‘The Goon Squad’: How rogue Mississippi officers tried to cover up their torture of 2 Black men
JACKSON, Miss. — Men who had sworn an oath to protect and serve were huddled on the back porch of a Mississippi home as Michael Corey Jenkins lay on the floor, blood gushing from his mutilated tongue where one of the police officers shoved a gun in his mouth and pulled the trigger.
The roughly 90-minute period of terror preceding the shooting began late on Jan. 24 after a white neighbor called Rankin County Deputy Brett McAlpin and complained that two Black men were staying with a white woman inside a Braxton home.
McAlpin tipped off Deputy Christian Dedmon, who texted a group of white deputies who called themselves “The Goon Squad,” a moniker they adopted because of their willingness to use excessive force.
“Are y’all available for a mission?” Dedmon asked. They were.
A little more than six months after the racist attack on Jenkins and his friend Eddie Terrell Parker, six former officers pleaded guilty on Thursday.
The officers included Christian Dedmon, Hunter Elward, Brett McAlpin, Jeffrey Middleton and Daniel Opdyke of the Rankin County Sheriff’s Department and Joshua Hartfield, a Richland police officer. Their attorneys did not immediately respond to requests for comment.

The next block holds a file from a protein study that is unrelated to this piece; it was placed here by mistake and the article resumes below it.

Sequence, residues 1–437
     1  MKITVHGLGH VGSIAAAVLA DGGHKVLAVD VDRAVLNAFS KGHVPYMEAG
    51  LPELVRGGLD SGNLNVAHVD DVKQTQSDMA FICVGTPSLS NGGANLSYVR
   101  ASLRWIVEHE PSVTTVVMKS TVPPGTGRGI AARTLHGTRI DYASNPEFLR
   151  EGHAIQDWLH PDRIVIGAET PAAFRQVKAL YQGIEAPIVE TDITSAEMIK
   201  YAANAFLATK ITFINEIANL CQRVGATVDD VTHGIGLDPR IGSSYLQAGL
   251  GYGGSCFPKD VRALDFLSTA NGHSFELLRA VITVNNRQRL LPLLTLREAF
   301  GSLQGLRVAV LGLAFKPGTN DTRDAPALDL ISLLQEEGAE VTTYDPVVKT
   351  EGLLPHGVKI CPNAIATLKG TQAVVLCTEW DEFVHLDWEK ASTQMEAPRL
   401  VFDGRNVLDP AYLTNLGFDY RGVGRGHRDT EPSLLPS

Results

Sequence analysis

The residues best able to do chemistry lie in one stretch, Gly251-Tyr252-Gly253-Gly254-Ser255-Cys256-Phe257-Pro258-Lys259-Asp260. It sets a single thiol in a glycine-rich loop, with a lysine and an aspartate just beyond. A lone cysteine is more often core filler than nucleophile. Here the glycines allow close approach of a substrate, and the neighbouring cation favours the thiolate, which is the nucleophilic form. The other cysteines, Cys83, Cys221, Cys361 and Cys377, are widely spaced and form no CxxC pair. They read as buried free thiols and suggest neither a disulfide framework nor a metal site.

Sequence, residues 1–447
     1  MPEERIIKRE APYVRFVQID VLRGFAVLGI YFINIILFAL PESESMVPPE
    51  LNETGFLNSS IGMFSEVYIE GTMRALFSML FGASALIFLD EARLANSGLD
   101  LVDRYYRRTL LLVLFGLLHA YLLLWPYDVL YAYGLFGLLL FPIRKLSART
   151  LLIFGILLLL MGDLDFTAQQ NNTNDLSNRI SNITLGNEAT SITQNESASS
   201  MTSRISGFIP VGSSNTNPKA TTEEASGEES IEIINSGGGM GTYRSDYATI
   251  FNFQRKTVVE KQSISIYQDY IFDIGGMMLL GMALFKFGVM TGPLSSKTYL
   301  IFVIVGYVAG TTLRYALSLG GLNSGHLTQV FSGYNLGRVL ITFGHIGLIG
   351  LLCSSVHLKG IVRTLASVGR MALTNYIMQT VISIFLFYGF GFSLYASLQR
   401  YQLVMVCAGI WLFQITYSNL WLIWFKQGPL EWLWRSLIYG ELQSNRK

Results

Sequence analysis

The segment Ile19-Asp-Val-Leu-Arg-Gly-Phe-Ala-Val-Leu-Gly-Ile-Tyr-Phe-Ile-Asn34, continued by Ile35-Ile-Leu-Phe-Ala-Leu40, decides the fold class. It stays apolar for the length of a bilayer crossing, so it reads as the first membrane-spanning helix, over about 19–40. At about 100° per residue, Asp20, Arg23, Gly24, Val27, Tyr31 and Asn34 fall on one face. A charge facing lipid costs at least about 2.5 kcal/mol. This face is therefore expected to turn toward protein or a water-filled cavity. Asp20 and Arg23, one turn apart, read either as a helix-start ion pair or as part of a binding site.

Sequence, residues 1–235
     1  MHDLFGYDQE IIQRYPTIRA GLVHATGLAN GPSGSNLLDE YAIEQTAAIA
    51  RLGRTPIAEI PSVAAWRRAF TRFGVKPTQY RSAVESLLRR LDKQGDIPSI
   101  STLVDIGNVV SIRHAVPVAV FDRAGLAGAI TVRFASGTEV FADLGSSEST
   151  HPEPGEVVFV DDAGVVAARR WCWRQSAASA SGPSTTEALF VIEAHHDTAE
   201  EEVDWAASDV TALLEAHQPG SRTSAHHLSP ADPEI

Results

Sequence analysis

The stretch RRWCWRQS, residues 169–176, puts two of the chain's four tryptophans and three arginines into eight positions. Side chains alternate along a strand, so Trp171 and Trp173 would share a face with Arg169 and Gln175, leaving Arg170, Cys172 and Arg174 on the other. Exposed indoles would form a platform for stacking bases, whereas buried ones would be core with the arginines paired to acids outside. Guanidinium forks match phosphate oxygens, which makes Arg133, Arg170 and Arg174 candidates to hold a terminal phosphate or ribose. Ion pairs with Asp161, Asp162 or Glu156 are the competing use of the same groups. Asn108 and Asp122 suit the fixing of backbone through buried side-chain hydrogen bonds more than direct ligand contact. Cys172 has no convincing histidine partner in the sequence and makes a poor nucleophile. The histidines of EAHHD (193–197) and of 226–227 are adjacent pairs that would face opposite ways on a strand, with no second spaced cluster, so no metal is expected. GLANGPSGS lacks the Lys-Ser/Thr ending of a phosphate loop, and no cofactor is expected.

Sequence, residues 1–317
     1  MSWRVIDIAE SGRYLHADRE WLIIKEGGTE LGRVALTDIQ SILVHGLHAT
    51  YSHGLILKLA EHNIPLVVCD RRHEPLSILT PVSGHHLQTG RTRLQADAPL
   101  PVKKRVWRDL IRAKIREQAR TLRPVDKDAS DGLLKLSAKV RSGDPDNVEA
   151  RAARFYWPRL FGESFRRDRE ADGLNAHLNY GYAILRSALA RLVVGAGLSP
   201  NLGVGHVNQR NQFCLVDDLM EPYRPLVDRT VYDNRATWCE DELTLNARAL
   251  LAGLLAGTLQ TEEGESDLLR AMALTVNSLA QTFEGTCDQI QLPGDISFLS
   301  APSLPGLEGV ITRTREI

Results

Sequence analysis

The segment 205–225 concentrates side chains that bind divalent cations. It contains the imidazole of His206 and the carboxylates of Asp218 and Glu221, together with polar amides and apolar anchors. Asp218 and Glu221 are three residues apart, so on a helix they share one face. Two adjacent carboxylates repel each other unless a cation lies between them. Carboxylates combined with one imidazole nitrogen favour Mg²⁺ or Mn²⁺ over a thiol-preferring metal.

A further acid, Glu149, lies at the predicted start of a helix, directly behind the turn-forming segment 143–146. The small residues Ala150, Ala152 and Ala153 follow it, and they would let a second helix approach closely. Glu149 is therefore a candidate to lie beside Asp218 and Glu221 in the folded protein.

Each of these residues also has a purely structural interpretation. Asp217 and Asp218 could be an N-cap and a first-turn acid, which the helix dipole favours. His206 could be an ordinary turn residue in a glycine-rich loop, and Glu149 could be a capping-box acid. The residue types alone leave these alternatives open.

They pleaded guilty to charges including conspiracy against rights, obstructions of justice, deprivation of rights under color of law, discharge of a firearm under a crime of violence, and conspiracy to obstruct justice.
The Mississippi attorney general’s office announced Thursday it had filed state charges against the men including assault, conspiracy and obstruction of justice.
Federal court records detail how they burst into a home without a warrant, handcuffed Jenkins and Parker, assaulted them with a sex toy and beat Parker with wood and a metal sword. They poured milk, alcohol and chocolate syrup over their faces and then forced them to strip naked and shower together to conceal the mess.
Then one of them put a gun in Jenkins’ mouth and fired.
As Jenkins lay bleeding, they didn’t render medical aid. They knew the mission had gone too far and devised a hasty cover-up scheme that included a fictitious narcotics bust, a planted gun and drugs, stolen surveillance footage and threats.
The deputies were under the watch of Rankin County Sheriff Bryan Bailey, who called it the worst episode of police brutality he has seen in his career.
Law enforcement misconduct in the U.S. has come under increased scrutiny, largely focused on how Black people are treated by the police. The 2020 killing of George Floyd by Minneapolis police ignited calls for sweeping criminal justice reforms and a reassessment of American race relations. The January beating death of Tyre Nichols by five Black members of a special police squad in Memphis, Tennessee, led to a probe of similar units nationwide.
In Rankin County, the brutality visited upon Jenkins and Parker was not a botched police operation, but an assembly of rogue officers “who tortured them all under the authority of a badge, which they disgraced,” U.S. Attorney Darren LaMarca said.
The county is just east of the state capital, Jackson, home to one of the highest percentages of Black residents of any major U.S. city. A towering granite-and-marble monument topped by a Confederate soldier stands across the street from the Rankin County sheriff’s office.